BLOXAM, Matthew (1744-1822), of Highgate, Mdx. and Morden, Surr.
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Family and Education
bap. 10 Aug. 1744, 1st s. of Rev. Matthew Bloxam of Comberton, Worcs. by Elizabeth, da. of Henry Turner of Gloucester. educ. his father’s sch. m. 4 Jan. 1767, Elizabeth Ann, da. of William Baker, stationer, of St. Mary Woolnoth, London, 1s. 1da. Kntd. 19 June 1800.
Sheriff, London 1787-8, alderman 1803-21; vol. London and Westminster light horse 1794-5.
Master, Stationers’ Co. 1806-7; storekeeper to Stationery Office 1818-d.
Bloxam, a self-made businessman apprenticed to a London stationer in 1759, rose to be principal of the firm of Foudrinier, Bloxam and Walker, wholesale stationers, of Lombard Street: by 1802 he could claim that they were ‘the first wholesale house in London’.1 As sheriff of London he interested himself in the treatment of arrested debtors and founded the sheriffs’ fund for debtors.2 His return for Maidstone as a ministerial supporter in 1788 was sponsored by John Brenchley of the Southwark bank, whose partnership (Sanderson, Harrison and Brenchley of St. Margaret’s Hill) Bloxam joined in 1791.
Bloxam always had to fight for his seat for Maidstone and enlisted government patronage.3 He stated in 1806 that he had uniformly supported government. By 1791 he had ceased to favour the claims to relief of religious dissenters. In 1796 his seat was endangered and he was reported to have offered himself at Preston, Reading and Ilchester; but the retirement of the Whig sitting Member Clement Taylor enabled him to return to Maidstone successfully. He even found time to recruit London support for Sir William Geary in the county election. In January 1802 he was reported to be canvassing Wallingford on the Sykes interest, but he again fell back on Maidstone. By 1802 he had spent £15,000 on elections and had probably wished for a cheaper seat than Maidstone. In 1795 he was an unsuccessful candidate for the aldermanic gown in Langbourn Ward; he had to wait until June 1803 for success, in Bridge Ward Within.4
Bloxam was a silent supporter of Pitt until 1801, voting for the loyalty loan bonus, 1 June 1797, and for the triple tax assessment, 4 Jan. 1798. No vote against Addington is known and in July 1802 he made a bid for the supply of the Stationery Office stipulating, instead of a percentage commission, for a proportion of the savings he guaranteed to the public purse.5 He was listed ‘Pitt’ in March 1804, but having joined the opposition to Pitt’s additional force bill in June, became ‘doubtful’ in the Treasury list of September. In his only known speech, 25 June 1804, he defended the Bank of England and other bankers from the insinuation that they were involved in the purchase of counterfeit dollars. He voted against the censure of Melville, 8 Apr. 1805, and was listed ‘Pitt’ in July.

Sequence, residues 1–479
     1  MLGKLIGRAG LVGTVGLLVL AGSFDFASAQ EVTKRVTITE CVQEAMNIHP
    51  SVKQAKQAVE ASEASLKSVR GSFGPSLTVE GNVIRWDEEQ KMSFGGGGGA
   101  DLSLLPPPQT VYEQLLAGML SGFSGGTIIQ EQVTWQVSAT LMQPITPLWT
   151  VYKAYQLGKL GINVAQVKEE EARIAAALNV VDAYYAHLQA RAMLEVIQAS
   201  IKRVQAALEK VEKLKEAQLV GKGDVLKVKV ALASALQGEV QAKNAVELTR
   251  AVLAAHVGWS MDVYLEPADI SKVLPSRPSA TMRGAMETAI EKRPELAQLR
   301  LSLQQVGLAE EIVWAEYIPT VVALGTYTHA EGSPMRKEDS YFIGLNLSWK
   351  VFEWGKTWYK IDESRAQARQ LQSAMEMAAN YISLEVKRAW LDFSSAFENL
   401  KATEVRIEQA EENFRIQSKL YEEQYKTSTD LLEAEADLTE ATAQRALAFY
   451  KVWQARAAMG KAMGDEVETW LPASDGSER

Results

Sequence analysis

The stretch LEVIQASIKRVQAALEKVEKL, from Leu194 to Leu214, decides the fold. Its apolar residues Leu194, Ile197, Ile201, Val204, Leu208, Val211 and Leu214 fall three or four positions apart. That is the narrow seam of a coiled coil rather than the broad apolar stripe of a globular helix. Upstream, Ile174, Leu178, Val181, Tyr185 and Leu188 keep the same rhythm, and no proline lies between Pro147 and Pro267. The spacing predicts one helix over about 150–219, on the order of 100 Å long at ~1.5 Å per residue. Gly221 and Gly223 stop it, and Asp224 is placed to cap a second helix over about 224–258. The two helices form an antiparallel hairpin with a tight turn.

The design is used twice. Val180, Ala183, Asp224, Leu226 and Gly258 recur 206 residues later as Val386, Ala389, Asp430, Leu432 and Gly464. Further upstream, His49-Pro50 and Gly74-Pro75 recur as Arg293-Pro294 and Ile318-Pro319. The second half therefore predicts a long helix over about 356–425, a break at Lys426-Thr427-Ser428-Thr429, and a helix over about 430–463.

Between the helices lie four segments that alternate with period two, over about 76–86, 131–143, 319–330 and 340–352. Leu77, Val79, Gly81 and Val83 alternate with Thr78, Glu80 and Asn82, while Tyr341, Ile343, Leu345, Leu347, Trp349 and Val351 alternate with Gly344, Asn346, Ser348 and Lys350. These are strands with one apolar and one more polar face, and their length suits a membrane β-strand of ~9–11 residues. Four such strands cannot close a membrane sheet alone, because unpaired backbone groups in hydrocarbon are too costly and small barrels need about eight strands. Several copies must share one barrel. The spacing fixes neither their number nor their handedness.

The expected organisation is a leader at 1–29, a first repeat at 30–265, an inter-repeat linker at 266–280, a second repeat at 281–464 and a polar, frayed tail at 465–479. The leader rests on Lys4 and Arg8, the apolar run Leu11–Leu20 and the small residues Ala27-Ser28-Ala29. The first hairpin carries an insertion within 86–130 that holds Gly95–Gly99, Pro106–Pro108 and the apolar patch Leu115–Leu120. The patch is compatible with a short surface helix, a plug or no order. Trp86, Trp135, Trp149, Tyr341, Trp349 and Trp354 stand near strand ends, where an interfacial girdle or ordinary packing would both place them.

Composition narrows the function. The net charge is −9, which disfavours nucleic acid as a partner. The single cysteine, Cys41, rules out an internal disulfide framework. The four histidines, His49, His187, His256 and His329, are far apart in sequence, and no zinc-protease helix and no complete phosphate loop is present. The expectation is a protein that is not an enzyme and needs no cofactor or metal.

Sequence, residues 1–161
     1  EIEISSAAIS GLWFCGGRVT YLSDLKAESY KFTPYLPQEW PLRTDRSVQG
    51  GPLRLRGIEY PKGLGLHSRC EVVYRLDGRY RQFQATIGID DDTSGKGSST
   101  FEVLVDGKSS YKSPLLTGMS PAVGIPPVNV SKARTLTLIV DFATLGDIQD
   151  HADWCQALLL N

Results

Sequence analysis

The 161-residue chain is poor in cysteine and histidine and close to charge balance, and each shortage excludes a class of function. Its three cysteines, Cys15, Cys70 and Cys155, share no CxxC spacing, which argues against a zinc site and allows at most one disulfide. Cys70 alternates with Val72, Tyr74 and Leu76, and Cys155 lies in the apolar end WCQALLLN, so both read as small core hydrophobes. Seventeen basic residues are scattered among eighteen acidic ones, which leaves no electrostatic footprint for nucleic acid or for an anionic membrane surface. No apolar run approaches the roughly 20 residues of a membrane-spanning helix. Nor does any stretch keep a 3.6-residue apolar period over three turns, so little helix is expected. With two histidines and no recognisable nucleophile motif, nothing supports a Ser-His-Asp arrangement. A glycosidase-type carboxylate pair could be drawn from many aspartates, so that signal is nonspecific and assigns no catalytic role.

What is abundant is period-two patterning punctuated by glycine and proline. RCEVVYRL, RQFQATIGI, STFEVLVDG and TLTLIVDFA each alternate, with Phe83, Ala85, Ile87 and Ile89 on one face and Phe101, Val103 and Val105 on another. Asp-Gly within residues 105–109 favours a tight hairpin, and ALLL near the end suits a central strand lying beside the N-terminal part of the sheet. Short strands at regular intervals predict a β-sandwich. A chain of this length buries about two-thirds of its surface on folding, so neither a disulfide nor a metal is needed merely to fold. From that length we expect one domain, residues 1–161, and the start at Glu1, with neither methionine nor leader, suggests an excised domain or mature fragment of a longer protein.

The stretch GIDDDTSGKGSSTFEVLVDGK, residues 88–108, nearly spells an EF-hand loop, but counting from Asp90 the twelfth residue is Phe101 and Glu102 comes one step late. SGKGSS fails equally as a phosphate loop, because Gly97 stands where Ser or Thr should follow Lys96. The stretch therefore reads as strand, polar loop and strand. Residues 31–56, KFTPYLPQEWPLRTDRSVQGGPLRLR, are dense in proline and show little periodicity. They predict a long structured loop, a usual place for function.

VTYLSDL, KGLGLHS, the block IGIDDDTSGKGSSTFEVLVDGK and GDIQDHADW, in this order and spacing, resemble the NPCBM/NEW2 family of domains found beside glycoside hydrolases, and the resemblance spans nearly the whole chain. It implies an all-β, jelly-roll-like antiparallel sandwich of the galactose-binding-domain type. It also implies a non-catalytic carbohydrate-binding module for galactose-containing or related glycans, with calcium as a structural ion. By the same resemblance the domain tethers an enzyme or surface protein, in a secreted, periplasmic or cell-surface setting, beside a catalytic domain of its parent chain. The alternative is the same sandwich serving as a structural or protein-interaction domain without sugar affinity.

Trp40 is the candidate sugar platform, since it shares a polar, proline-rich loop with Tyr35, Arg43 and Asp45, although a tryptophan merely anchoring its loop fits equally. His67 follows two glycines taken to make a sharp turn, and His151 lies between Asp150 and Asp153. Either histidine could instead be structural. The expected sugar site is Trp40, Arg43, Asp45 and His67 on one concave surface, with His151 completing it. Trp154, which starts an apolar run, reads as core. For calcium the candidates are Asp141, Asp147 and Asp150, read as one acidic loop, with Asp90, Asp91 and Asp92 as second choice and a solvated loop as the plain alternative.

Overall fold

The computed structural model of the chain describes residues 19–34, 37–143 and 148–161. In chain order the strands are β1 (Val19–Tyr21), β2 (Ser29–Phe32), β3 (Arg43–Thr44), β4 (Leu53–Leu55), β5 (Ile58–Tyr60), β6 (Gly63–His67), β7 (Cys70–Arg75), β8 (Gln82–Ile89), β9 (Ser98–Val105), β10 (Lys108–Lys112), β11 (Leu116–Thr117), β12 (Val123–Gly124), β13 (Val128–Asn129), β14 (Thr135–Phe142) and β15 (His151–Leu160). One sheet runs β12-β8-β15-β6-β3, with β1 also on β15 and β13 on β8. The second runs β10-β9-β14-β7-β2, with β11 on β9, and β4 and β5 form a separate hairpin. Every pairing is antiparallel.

On the advent of the Grenville ministry, Bloxam renewed his tender for the supply of the Stationery Office, offering a 3 per cent discount on current prices; he expected to save the public over £6,000 per annum. The Treasury were still considering the offer in November when he was defeated at Maidstone. He complained to Lords Grenville and Spencer that, having stood as a supporter of the ministry, he had been ousted by ‘notorious bribery’ and expected to petition successfully against the return. Meanwhile he proposed to find another seat as a government supporter.6 Nothing came of his expectations then and financial difficulties beset him from 1809, when his bank failed. In 1794 he had joined the consortium of Wilkinson, Polhill, Pinhorn and Bulcock, becoming senior partner at 27 Gracechurch Street in 1805. He described the failure as follows:
We were run upon most unexpectedly, and long before I had breakfasted, the house was shut up, and a large mob was round the doors. For a long time I could not account for it; at last it came across me like a flash of lightning. We had, only a week or two before we stopped, taken in a new clerk to replace one that had died, and the cashier, when he went to dinner, by mistake left him at the counter. The chap was a Yorkshireman, and at once saw how things were, and, not having been used to our ways, he told some friend, that friend told a third, and so we were run out. This, however, I will say for all the other clerks, we paid them well, dined them well once a week—they knew our secret, and kept it for full ten long years. My first toast after dinner always was ‘D—n banking! Curse banking! B—t banking !’ and the next was, to the clerks, ‘Come, boys, hear, see, and say nothing’.
In later life he was often heard to say; ‘I hate banking. When I was a banker I never slept soundly, and there never was a day I was not afraid of stopping payment.’7 He complained that he had been ‘pillaged and robbed to the amount of £300,000, and that when a bill-broker he had discounted over two millions a year’. His financial straits compelled him to decline the lord mayoralty every year after 1811 until he resigned his gown in 1821. In 1818, hopelessly injured in a chaise accident on Ludgate Hill, he was appointed storekeeper to the Stationery Office, worth £800 at the time of his death, 16 Oct. 1822.8
Ref Volumes: 1790-1820
Authors: Lawrence Taylor / R. G. Thorne
- 1. Spencer mss, Bloxam to Spencer, 30 July 1802.
- 2. Gent. Mag. (1788), ii. 641.
- 3. PRO 30/8/114, f. 89; 157, f. 96; Add. 38458, f. 163.
- 4. Fortescue mss, Bloxam to Grenville, 2 Nov. 1806; City Biog. (1800), 124; True Briton, 2 June 1796; The Times, 27 Jan., 29 Dec. 1802.
- 5. Add. 38236, f. 111; Spencer mss, Bloxam to Spencer, 30 July 1802.
- 6. Spencer mss, Bloxam to Spencer, 20 Feb., 13 Mar., 3 Nov., reply 5 Nov.; Fortescue mss, Bloxam to Grenville, 2 Nov. 1806.
- 7. Hilton Price, London Bankers, 17.
- 8. Edinburgh Advertiser, 30 June 1818; Gent. Mag. (1822), ii. 374; Annual Biog. (1823), 435.